It's official: safety feature deadline in EU will be 2018

Paper chain with pillsCompanies will have a year longer to comply with the EU's forthcoming safety feature requirements for medicines than previously thought.

For months commentators have been talking about a deadline of the start of 2017 for the implementation of the delegated act that will spell out the features that must be added to medicine packs under the auspices of the Falsified Medicines Directive (FMD), but it has now been confirmed as the start of 2018.

The safety features delegated act represents the first time that this legislative vehicle has been employed in the EU, so the confusion has arisen as a result of a lack of understanding of the process.

In a nutshell, the act will be adopted later this year as expected, notes Christoph Krähenbühl of serialisation consultancy 3C Integrity. However, the clock will not start ticking on the implementation deadline until it is published in the official journal a few months later.

The publication of the recent impact report on drug safety features largely confirmed what has been predicted for some time: that packs will carry serialised 2D codes, with mandatory pharmacy verification and risk-based checking at wholesalers rather than a full track-and-trace model and a data repository set up and managed by stakeholders.

"There has been clarity on where this is heading for quite a long time," Krähenbühl told, noting that there also appears to be openness to the concept of using the data for purposes such as pharmacovigilance and reimbursement.

The realisation that companies have a few more months to play with is unfortunately already having an impact on the willingness of some pharma companies to press ahead with plans to serialise their packaging lines, according to 3C Integrity's Ian Haynes.

While big pharma is well on the way to serialising its packaging lines to come into compliance - and even though some early projects have had to be re-assessed as the nature of the requirements has evolved, such as the nature of the data repository - there is still a lack of engagement by smaller pharma companies and other organisations such as contract packagers.

"Since the delegated act schedule information has come out, we've seen a number of tier 2 and 3 companies sitting back again," said Haynes.  "I would be concerned that given the time it takes to implement serialisation they may be placing themselves at risk of missing the deadline."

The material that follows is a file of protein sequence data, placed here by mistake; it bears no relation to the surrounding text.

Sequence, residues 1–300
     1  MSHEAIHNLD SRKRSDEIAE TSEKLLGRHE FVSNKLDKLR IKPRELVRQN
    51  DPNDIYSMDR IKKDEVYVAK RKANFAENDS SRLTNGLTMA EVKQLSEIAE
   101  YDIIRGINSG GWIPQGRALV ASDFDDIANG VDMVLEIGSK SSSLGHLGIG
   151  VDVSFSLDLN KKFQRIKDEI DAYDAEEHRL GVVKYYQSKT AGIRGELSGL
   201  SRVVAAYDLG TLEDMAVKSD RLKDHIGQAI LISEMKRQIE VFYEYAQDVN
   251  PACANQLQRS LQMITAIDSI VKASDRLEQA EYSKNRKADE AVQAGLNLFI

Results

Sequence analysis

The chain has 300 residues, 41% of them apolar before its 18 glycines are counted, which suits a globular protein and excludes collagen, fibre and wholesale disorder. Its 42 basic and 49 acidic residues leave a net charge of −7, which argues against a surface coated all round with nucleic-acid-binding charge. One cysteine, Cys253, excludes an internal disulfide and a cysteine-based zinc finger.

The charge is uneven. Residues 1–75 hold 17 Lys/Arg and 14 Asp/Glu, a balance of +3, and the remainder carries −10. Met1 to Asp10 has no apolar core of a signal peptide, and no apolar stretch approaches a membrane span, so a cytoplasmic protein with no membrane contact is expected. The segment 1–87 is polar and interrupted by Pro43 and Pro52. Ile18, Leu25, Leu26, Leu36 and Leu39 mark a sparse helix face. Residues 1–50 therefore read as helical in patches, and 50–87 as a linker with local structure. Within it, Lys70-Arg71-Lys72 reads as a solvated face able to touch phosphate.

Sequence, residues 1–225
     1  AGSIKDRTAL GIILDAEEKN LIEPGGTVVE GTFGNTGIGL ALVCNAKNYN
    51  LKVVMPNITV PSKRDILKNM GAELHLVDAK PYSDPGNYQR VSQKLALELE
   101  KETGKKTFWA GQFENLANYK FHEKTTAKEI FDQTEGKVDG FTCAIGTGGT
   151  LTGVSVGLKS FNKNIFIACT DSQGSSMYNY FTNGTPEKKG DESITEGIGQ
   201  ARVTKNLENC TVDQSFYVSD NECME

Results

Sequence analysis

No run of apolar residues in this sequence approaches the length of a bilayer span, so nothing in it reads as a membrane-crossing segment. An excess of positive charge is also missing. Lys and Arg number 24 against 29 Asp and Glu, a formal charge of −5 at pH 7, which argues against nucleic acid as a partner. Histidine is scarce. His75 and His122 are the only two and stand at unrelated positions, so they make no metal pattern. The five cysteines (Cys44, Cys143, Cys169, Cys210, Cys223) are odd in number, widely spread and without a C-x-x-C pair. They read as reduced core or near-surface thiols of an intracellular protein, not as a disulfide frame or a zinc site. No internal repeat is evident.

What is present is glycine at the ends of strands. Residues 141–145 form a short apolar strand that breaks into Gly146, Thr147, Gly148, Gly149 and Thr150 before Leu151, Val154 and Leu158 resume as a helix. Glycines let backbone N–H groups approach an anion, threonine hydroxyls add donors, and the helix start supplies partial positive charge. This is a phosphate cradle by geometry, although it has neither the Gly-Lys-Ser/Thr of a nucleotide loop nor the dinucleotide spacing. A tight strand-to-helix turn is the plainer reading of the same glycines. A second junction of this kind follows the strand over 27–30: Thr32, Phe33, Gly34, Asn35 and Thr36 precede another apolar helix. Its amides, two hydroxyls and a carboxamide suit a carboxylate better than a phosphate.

Haynes believes that to some extent pharma does not see manufacturing and supply chain as its core business, focusing instead on research and new product development. The changing nature of pharma's business however - with a shift towards higher volume, lower margin business as a result of patent expiries - may force a rethink.

One issue seems to be that in some companies, senior-level management are adopting a stance of doing as little as possible, as late as possible for as little money as possible to come into compliance.

To some extent that is understandable, given estimated costs of $300,000 to $1m-plus per packaging line to implement serialisation, not including the cost of information systems, but it does ignore other benefits of modernising systems.

"Serialisation could be a catalyst for implementing a step change in pharma's business approach, with innovation extending right through the healthcare supply chain," added Krähenbühl.

Implementation can lead to multiple additional benefits, including in patient safety, for example from the avoidance of medication errors, greater visibility of manufacturing effectiveness, and a much higher level of customer relationship management (CRM) capability.

The bottom line is that small players who leave it too late will not only miss out on the benefits of serialisation, but could also place their businesses in jeopardy.

Haynes believes that some smaller companies in the contract packaging and even the pharma manufacturing space who have not started the ball rolling yet may disappear, in some cases swallowed up by larger competitors who have grasped the opportunity.

"2018 may seem a long way off but given the complexity of these implementation projects, the experience of early adopters and … the limited capacity of vendors and solution providers, you would be well advised to press ahead with your implementation and not take your eye off the ball," said Krähenbühl .

3C Integrity is running a two-day training event next week (April 203) in Manchester, UK, designed to help pharmaceutical companies design and implement effective serialisation programmes. More details can be found here.

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